Westpac's Consumer Sentiment Index declined in September to what senior economist Matthew Hassan calls 'deeply pessimistic levels'.
The Card Tracker Index rose slightly in the September quarter, but continues to be at low levels.
Some of the lift in card spending is down to the rise in fuel prices, as well as temporary seasonal lifts like the 'Matilda effect'.
With population growth surging, per capita card spending is declining when adjusted for inflation.
Australia is also in a per-capita recession, according to ABS figures released two weeks ago.
Mr Hassan says the slowdown in spending is consistent with a 'consumer recession'.
"The overriding message is still of intense pressures on family finances and widespread belt tightening," he said.
"The end of the RBA's rate hikes may have prevented further weakness, but it will likely take much more - a convincing end to the cost of living crisis - to spark a sustained consumer recovery."
Households have tightened the purse strings, but there are still other factors keeping growth in the Australian economy positive.
In August, the unemployment rate remained at 3.7%, with an extra 65,000 Australians now in work - however these were mostly part-time roles.
Aussie exports are also up, as well as investment, driving a 0.4% increase in GDP in the three months to June.
To meet the definition of a technical recession, real GDP growth needs to be negative for two consecutive quarters.
Inflation more concerning than high interest rates
Mr Hassan believes pervasively low consumer sentiment, despite no cash rate increases since June, shows cost of living pressures are the main issue facing Australian households.
"Sentiment overall has barely risen since the RBA rate hikes stopped, up just 0.7% since June," he said.
Among mortgage holders, consumer confidence rose 7.8%, but this was more than offset by a 6.1% fall among renters and 5.8% for those who own their home outright.
The latest CPI indicator showed inflation rose 4.9% in the 12 months to July, down from 5.4% in June, but Mr Hassan says there have been price increases since in some of Australia's more volatile sectors.
"Rapid rises in rents, electricity, and fuel costs - the latter up over 15% since the middle of the year - have continued to weigh heavy, with sentiment outside the mortgage belt down 2.8% since June," he said.
Aussies pessimistic about themselves, but more faith in the economy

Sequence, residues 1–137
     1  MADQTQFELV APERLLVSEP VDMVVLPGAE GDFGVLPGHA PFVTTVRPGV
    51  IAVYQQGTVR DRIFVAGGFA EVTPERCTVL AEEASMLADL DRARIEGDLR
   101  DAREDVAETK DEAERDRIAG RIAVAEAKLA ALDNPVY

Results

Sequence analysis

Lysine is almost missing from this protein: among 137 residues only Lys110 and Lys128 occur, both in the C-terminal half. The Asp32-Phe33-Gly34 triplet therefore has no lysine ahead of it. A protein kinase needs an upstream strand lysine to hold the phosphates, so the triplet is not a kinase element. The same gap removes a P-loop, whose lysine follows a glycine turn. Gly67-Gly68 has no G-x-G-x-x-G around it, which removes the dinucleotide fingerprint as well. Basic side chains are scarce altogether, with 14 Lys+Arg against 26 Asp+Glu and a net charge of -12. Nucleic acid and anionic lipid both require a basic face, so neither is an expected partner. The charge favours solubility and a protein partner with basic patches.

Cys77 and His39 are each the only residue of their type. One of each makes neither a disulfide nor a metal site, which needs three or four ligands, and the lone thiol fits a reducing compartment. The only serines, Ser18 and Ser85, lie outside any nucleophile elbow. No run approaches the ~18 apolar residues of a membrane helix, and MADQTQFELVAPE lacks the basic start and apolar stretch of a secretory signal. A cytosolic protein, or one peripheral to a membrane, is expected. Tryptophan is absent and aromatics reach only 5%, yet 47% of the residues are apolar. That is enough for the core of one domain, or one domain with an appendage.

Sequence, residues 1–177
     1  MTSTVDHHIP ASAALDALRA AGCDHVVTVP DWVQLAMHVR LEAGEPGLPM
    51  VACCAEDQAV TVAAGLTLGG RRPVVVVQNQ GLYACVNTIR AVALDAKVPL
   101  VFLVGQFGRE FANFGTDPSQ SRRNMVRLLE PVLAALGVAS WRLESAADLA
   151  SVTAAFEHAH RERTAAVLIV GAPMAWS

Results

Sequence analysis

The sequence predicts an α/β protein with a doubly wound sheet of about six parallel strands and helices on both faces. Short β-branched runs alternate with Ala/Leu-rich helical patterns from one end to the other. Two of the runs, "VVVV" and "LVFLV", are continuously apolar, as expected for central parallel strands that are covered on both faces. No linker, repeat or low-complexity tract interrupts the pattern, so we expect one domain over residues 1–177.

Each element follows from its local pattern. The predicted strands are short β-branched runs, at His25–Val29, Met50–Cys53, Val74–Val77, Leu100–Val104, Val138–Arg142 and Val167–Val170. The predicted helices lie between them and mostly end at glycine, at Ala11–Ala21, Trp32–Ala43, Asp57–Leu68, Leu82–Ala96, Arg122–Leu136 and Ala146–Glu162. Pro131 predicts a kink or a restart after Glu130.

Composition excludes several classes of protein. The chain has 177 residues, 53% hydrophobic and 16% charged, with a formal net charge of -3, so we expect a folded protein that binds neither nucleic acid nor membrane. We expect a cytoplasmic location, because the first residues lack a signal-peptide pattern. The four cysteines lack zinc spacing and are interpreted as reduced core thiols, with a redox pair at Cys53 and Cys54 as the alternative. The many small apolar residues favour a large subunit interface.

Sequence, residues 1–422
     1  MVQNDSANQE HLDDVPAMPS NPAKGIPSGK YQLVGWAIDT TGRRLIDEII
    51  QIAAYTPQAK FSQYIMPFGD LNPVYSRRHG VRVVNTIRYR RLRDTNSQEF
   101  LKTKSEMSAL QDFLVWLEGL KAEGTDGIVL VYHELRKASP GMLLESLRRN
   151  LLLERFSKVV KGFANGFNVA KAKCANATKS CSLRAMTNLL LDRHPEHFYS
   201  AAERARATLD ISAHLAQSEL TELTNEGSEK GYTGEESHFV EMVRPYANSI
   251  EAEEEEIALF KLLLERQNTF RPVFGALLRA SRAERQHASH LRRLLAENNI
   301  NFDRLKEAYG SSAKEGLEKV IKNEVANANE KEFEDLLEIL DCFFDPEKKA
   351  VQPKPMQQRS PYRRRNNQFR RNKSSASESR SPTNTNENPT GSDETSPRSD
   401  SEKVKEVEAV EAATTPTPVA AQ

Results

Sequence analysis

If the Consumer Sentiment Index is at 100, it suggests Australian consumers are neither optimistic nor pessimistic about their economic prospects.
In September, the index declined 1.5%, from 81.0 in August to 79.7 for September.
Across roughly 600 surveys since the mid 1970s, the index has been below 80 fewer than 30 times, so this latest result is in the bottom 5% historically.
Among the results though, there were signs consumer sentiment about the broader economic outlook could be improving.
There was a 0.4% increase in survey respondents confidence about economic conditions over the next 12 months, a 2.8% lift in unemployment expectations and a 2.2% increase in house price expectations.
On the other hand, there was a 3.2% decline in confidence about economic conditions over the next five years.
When consumer spending might turn the corner
While this period doesn't technically qualify as a recession, Mr Hassan says it has clearly still been tough for Australian consumers.
"The 2022-2024 period...already stands out as one of the most difficult periods Australian consumers have had to deal with, and one of the weakest for spending, that we have seen in decades," he said.
Westpac forecasts suggests consumer spending will improve in the aggregate during the second half of the year, but is still likely to decline on a per capita basis.
Most economists also feel a prolonged period with the cash rate at 4.10% will inevitably see unemployment increase, which will further impact consumer spending.
Mr Hassan says things could start to turn around in mid 2024.
"The circuit breaker for consumers is likely to come later [in 2024] when inflation is firmly back under control and policy stimulus is expected to come through, both in the form of interest rate cuts from August next year and the 'Stage 3' tax cuts scheduled to come into effect from July 2024," he said.
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